The church from Baciu had 1255 worshipers in 1830.

In 1831, the inhabitants were decimated by cholera and due to this the number of souls belonging to the congregation was reduced.

The popular school founded in the big hall of the parish shortly became narrow. It could not house the large number of children in the ‘30s and for this reason they built their confessional school made of wood in 1835.

The liberation fight from 1848/49 washed over the region, the Bloody Christmas took the lives of 20 persons from Baciu, however many of them fled and spent more weeks under the Kőba rocks. 33 persons enrolled in battalion 126/140 of Hungarian soldiers, out of whom 23 died heroically.

In 1862, with the dedicated help of Gödri Mihály, a new school was built (45.6127° N; 25.6689° E; 655 m), on which façade was written the following inscription: “Hungarian nation, hear that people which diligently takes care of its educational institutions will not want for nothing but will live for its happiness both on earth and in heaven 1862.” In the same year, Ballagi Mór visited the schools from Săcele. The Hungarian minister of culture at that time also visited after 7 years. In the memory of this visit, the inscription was sculpted in a stone board: “The education of our country / its glorious reformer / B. EÖTVÖS JÓZSEF / in the memory of his visit to Seven Villages / by the Hungarians from Baciu / on September 29th 1869.”

Almost in the same period with the school, the city hall was built, the two being face to face. This noble work – construction of city hall – could be completed during the time of mayor Simon Péter and clerk Bar­czaffy Árthur.

In 1891, the church paving was renovated and a new charnel house was built. At that time, the local railway between Brașov and Satul Lung was built, which greatly contributed to the prosperity of Baciu locality.

On April 16th 1893m Borcsa Simon István and his wife, Szén An­na, offered the church an organ of 1200 forints built by master Son­kenik János. The old organ was donated to the church from Ferestrău.

The first press product, the economic and social newspaper called Hétfalu (Seven Villages), was printed for the first time on August 12th 1906 and appeared twice a week until 1911. Besides Dr. Fekete Endre, Kiss Béla, the Evangelical priest from Baciu, was also an editor.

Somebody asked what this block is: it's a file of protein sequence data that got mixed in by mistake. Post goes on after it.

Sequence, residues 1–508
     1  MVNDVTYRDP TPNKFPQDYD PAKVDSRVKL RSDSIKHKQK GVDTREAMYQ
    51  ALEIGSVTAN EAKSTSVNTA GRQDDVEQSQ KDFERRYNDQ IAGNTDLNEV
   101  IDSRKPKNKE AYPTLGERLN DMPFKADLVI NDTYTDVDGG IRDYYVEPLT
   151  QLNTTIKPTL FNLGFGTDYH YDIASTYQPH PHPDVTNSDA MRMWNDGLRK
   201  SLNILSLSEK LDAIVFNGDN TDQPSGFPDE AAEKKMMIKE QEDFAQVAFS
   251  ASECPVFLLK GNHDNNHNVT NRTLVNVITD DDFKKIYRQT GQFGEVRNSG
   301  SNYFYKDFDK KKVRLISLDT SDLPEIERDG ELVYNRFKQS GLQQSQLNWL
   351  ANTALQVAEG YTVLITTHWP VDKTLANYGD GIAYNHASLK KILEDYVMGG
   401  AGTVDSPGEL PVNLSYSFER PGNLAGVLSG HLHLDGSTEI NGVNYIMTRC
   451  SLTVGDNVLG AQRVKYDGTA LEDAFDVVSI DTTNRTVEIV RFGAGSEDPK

The construction of the new parish began in 1909 and on April 21st 1910, it was announced that “the retired priest, Borcsa Mihály, donated the church a valuable and very beautiful altar painting, which sanctification is wanted to be organized within the church festivity, together with the inauguration of the new parish, which is almost completed. […] This double festivity is likely to take place in the second day of Pentecost.”

The length of the painting made by Calr Heinrich Bloch is 3 m, width 2 m and it represents Jesus when he educated the people from the boat ashore of Galilee Sea.

In 1916, a stable and a shed for wood were built in the parish yard.

47 people from Baciu died heroically in the First World War.

Electricity was introduced in 1919. The church and church house were renovated in 1925. Már­tis Mihály built a new pulpit.

Csángó Naptárak (Csango calendars), considered bibliophile rarities, appeared in Baciu from 1923 to 1931.

The arrangement works of the cemetery began in 1930.

The education in Baciu was only carried out in Romanian language between 1934-1945.

After the Dictate from Wien, many of the church members from Baciu took refuge in Northern Transylvania. For this reason, the number of congregation members was reduced.

Luther Naptár (Luther calendar) appeared in 1935 as follow-up to Csángó Naptárak (Csango calendars).

A new Evangelical publication called Evangelical Life (Evangélikus Élet) appeared in Baciu between 1936–1938.

The earthquake from 1940 damaged the church tower. The repair works were carried out shortly afterwards.